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Sector Slams Social Housing Spending at All Levels of Government

23 January 2019 at 3:34 pm
Maggie Coggan
Victoria spends less than any other state in Australia on social housing, new research shows, with the community housing sector labelling the figures a “damning insight” into years of neglect on the issue from both state and federal governments.

Maggie Coggan | 23 January 2019 at 3:34 pm


Sector Slams Social Housing Spending at All Levels of Government
23 January 2019 at 3:34 pm

Victoria spends less than any other state in Australia on social housing, new research shows, with the community housing sector labelling the figures a “damning insight” into years of neglect on the issue from both state and federal governments.

On Tuesday, the Australian Productivity Commission released the Report on Government Spending (RoGS), with key findings revealing Victoria spent just $530 million on social housing, behind New South Wales ($1.37 billion), Queensland  ($629 million) and Western Australia ($829 million).

Taking population growth into account, Victoria’s spend per person on social housing was $82.94 in 2017-18, compared to the national average of $166.93.

The peak body for homelessness in Victoria, Council to Homeless Persons’ (CHP) slammed the report, and called for an emergency commitment to social housing in the May state budget.

“It’s patently obvious that homelessness will continue to increase without an ambitious plan to grow public and community housing in Victoria,” Jenny Smith, CHP CEO, said.

According to the report, since 2014 social housing units have declined by 200, a statistic Smith said was putting homelessness services under increased strain, and resulting in one-in-three people in Victoria being turned away.

“Our services have more people coming to them for help, and fewer social housing units for them to access. It’s not rocket science – we just need more housing that is affordable to people on the lowest incomes. That is a job for government,” she said.

Daniel Andrews last year committed to building 1,000 new public housing units over the next three years, despite calls from the sector to build 3,000 each year, for the next 10 years.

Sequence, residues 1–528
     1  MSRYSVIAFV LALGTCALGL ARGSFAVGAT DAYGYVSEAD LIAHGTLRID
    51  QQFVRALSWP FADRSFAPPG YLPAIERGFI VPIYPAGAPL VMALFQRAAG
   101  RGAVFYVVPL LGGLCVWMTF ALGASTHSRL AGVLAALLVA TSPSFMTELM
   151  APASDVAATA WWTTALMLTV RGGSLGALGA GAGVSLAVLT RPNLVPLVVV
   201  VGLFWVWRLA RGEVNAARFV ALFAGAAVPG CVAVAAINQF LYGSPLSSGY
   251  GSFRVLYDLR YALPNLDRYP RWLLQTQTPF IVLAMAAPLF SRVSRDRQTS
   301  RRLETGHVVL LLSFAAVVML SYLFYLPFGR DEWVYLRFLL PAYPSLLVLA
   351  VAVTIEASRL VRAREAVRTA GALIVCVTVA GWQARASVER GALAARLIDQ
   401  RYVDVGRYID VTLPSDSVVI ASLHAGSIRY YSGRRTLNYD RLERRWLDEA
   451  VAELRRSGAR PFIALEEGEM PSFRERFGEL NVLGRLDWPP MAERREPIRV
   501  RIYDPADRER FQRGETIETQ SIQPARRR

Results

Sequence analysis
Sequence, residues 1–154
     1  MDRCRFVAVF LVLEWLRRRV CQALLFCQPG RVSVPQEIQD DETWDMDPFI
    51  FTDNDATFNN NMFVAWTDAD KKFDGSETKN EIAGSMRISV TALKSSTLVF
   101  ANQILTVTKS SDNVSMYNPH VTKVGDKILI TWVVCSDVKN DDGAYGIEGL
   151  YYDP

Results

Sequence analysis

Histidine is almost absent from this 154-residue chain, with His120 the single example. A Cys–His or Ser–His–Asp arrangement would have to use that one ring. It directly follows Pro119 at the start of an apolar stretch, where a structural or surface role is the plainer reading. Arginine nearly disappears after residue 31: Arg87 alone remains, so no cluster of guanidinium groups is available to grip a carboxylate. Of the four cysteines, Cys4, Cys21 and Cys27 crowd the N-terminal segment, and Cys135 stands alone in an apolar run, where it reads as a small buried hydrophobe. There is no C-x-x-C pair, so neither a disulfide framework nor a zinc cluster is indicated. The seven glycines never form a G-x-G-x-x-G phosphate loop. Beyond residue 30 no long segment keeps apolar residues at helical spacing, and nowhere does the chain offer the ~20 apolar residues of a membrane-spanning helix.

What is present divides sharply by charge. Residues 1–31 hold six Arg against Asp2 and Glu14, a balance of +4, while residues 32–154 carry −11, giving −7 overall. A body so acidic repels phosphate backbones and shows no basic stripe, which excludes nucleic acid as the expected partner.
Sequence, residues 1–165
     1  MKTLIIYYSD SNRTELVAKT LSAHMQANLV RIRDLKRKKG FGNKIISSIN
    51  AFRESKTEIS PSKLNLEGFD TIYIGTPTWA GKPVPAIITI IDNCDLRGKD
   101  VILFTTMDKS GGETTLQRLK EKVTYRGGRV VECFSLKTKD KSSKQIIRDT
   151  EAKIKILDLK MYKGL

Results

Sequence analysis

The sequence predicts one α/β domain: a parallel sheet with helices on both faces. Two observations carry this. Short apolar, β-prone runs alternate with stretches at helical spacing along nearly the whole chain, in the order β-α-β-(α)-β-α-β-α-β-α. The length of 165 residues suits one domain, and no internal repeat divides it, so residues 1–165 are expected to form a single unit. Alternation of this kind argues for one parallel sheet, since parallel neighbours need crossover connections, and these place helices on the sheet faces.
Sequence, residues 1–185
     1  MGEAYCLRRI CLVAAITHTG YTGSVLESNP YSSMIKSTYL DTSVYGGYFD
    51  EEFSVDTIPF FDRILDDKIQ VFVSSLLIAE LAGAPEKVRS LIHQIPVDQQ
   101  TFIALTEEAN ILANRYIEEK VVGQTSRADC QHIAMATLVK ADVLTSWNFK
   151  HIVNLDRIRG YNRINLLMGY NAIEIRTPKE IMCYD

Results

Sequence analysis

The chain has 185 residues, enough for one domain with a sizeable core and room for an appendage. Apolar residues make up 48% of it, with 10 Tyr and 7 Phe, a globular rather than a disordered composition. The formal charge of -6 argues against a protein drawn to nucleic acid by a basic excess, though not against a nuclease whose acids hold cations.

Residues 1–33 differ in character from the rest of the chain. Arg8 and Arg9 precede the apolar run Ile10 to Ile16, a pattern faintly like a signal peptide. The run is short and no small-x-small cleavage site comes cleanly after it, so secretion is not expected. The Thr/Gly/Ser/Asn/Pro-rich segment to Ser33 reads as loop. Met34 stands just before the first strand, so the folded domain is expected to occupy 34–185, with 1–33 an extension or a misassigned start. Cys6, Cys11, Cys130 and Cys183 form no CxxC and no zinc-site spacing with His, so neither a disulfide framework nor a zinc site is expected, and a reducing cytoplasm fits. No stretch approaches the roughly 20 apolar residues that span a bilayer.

“With 38,000 applicants on the social housing wait list, it’s going to take far more than 330 homes per year to get that wait list down to zero. We need action which reflects this state of emergency,” Smith said.  

Federal Assistant Social Services Minister Sarah Henderson said on Tuesday Victorian Labor had to fix the disconnect between its low expenditure on social housing and its massive waiting list.

“It is imperative that Labor starts to deliver the investment in social housing which Victorians deserve,” Henderson said.

But Kate Colvin, spokesperson from Everybody’s Home, told Pro Bono News while it was clear Victoria’s spending was too low, the report showed the federal government’s spending ($2 billion) was half of the states and territories ($4 billion).

“States and territories are spending more than the federal government. Not to say they couldn’t do more, but it’s clear the federal government could do more and should do so today,” Colvin said.

“This is clearly a problem across the whole country… so we’re calling on the government to have a growth fund specifically for social and affordable housing, and we would like to see action on that.”

Adrian Pisarski, CEO of National Shelter, also told Pro Bono News the federal government needed to step up its funding game.

“What I found interesting was the fact that the states spend at least twice as much on the social housing system as the Commonwealth does. The Commonwealth is still complaining that the states don’t do enough when clearly there’s a need for the Commonwealth to do more,” Pisarski said.

He said it was “critical” this issue was pushed to the front of the federal election campaign.

“Even with the provision of Commonwealth Rent Assistance some 43 per cent of renters are still in housing stress, paying more than 30 per cent of their household income on their housing costs, so renters could decide the outcome of this federal election,” he said.  

Colvin encouraged the sector to reach out to their local representatives to make their voices heard.

“What the RoGS is showing us is there’s a lot more that needs to be done, so the sector can reach out to their local representatives and be part of asking them to do more,” Colvin said.

Following the report, Victorian acting minister for housing Lily D’Ambrosio announced on Wednesday that 680 new long-term rental properties would soon be available across the state as part of the Andrews government’s Social Housing Growth Fund.  

D’Ambrosio said the rental properties would be leased from the private sector, increasing the availability of social housing rental stock and facilitating investment in new social housing for the rental market.

“This project is building on the strengths of the community housing sector, unlocking both investment in the residential market and housing for those who need affordable rental properties,” D’Ambrosio said.

Maggie Coggan  |  Journalist  |  @MaggieCoggan

Maggie Coggan is a journalist at Pro Bono News covering the social sector.

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One comment

  • Avatar Robert wigg says:

    I have a problem with all three tiers of government being in charge of a service but when there is a problem it is not their responsible.
    The fed spends money on housing.
    The states also have a responsibility for housing. As per your article stating Vic is a penny pincher.
    My local government also spends money on homeless.
    We will never get this right until one government takes control and the other two but out.

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